It's not that no one writes about aspects of the arms trade. There are occasional pieces that, for example, take note of the impact of US weapons transfers, including cluster bombs, to Saudi Arabia, or of the disastrous dispensation of weaponry to US allies in Syria, or of foreign sales of the costly, controversial F-35 combat aircraft. And once in a while, if a foreign leader meets with the president, US arms sales to his or her country might generate an article or two. But the sheer size of the American arms trade, the politics that drive it, the companies that profit from it, and its devastating global impacts are rarely discussed, much less analyzed in any depth.

William D. Hartung, a TomDispatch regular, is the director of the Arms and Security Project at the Center for International Policy and a senior advisor to the Security Assistance Monitor. He is the author of Prophets of War: Lockheed Martin and the Making of the Military-Industrial Complex.

Full story … 

Series | A Living Earth Economy, Part 3: How to Break the Power of Money

We can refuse to accept the pervasive, but false, claims that money is wealth and a growing GDP improves the lives of all.

David Korten, Yes! Magazine Aug 10, 2016 | Our current political chaos has a simple explanation. The economic system is driving environmental collapse, economic desperation, political corruption, and financial instability. And it isn’t working for the vast majority of people.

It serves mainly the interests of a financial oligarchy that in the United States dominates the establishment wings of both the Republican and Democratic parties. So voters are rebelling against those wings of both parties—and for good reason.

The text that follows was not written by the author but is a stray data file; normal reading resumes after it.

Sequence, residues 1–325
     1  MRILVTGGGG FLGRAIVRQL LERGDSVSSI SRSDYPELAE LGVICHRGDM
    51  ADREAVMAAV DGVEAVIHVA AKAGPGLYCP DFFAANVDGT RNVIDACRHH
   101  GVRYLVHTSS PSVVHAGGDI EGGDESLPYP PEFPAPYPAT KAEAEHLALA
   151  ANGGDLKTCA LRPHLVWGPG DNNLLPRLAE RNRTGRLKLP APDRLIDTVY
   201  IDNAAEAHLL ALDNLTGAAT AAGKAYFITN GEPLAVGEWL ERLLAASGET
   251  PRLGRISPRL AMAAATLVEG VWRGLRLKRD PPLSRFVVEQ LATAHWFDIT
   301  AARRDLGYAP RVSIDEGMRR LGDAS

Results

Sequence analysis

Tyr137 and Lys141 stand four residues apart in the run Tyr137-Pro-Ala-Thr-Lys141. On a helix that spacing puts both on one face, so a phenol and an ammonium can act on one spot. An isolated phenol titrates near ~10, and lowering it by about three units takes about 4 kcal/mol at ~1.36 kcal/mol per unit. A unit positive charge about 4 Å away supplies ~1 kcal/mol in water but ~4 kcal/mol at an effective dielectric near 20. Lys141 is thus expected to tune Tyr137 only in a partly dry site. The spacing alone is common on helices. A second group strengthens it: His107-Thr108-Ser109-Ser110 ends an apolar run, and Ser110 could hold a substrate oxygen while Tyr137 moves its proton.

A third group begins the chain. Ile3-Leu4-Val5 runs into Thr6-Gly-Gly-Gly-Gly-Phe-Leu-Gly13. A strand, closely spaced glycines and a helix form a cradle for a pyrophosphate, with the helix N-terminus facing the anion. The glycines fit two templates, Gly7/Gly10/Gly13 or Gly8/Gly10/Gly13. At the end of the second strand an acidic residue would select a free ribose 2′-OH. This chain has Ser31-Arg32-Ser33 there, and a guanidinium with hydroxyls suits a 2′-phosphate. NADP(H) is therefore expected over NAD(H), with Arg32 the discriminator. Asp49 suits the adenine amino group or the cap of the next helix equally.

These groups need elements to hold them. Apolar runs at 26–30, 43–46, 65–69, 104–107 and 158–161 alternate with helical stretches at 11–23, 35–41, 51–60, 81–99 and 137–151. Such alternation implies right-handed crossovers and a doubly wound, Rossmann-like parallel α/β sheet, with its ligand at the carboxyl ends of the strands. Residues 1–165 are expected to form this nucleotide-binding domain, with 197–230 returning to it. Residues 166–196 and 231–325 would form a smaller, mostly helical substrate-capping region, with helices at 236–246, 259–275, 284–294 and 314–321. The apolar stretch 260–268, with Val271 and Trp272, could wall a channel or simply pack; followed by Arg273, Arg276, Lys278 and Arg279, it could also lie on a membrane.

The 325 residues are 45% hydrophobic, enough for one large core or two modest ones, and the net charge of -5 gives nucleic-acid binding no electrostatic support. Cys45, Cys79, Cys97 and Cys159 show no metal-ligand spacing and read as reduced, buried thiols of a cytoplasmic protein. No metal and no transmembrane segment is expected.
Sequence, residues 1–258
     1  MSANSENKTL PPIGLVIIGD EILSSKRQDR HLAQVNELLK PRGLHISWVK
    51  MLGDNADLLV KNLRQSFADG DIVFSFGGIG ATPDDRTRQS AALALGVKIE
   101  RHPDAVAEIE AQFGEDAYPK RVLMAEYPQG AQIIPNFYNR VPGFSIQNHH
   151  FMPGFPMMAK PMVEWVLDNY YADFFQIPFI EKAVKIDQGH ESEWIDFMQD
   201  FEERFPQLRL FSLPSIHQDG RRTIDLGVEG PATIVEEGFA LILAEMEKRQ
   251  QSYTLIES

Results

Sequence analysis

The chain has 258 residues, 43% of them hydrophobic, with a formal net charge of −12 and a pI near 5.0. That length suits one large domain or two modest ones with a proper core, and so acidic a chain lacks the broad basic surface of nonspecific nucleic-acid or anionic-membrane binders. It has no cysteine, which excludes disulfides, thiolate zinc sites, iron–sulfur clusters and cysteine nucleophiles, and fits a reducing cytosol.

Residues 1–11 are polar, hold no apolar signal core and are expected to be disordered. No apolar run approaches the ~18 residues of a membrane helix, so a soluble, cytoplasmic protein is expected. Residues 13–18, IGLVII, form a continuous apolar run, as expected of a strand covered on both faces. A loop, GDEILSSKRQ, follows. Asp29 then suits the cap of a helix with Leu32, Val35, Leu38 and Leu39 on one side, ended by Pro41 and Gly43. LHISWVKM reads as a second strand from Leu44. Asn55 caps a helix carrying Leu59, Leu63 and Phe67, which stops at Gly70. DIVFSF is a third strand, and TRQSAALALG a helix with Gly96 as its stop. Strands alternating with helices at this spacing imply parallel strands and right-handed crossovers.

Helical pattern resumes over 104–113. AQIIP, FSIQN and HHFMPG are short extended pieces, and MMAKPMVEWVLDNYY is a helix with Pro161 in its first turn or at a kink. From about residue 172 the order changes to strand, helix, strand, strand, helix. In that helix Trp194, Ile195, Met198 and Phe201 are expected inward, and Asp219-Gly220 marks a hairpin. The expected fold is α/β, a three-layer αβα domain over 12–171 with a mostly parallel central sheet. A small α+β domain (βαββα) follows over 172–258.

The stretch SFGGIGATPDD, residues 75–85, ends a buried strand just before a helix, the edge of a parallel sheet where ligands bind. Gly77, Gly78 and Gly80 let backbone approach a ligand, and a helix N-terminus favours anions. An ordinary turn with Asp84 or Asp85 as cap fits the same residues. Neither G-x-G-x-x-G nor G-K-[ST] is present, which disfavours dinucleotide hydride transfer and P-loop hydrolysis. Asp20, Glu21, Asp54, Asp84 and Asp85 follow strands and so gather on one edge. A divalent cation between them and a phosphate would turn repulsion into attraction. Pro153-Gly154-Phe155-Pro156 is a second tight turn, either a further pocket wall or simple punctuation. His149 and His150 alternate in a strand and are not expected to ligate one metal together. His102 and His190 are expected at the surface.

As a society we confront a simple truth. An economic system based on the false idea that money is wealth—and the false promise that maximizing financial returns to the holders of financial assets will maximize the well-being of all—inevitably does exactly what it is designed to do:

David Korten wrote this article for YES! Magazine as part of his new series of biweekly columns on “A Living Earth Economy.” David is co-founder and board chair of YES! Magazine, president of the Living Economies Forum, co-chair of the New Economy Working Group, a member of the Club of Rome, and the author of influential books, including When Corporations Rule the World and Change the Story, Change the Future: A Living Economy for a Living Earth. His work builds on lessons from the 21 years he and his wife, Fran, lived and worked in Africa, Asia, and Latin America on a quest to end global poverty.

Full story … you like reading this article, consider joining the crew of all reader-supported Evergreene Digest by contributing the equivalent of a cafe latte a month--using the donation button in the above right-hand corner—so we can bring you more just like it.

Previously in this series

Part 2: We Never Voted for Corporate Rule

Part 1: The Elephant in the Room: What Trump, Clinton, and Even Stein Are Missing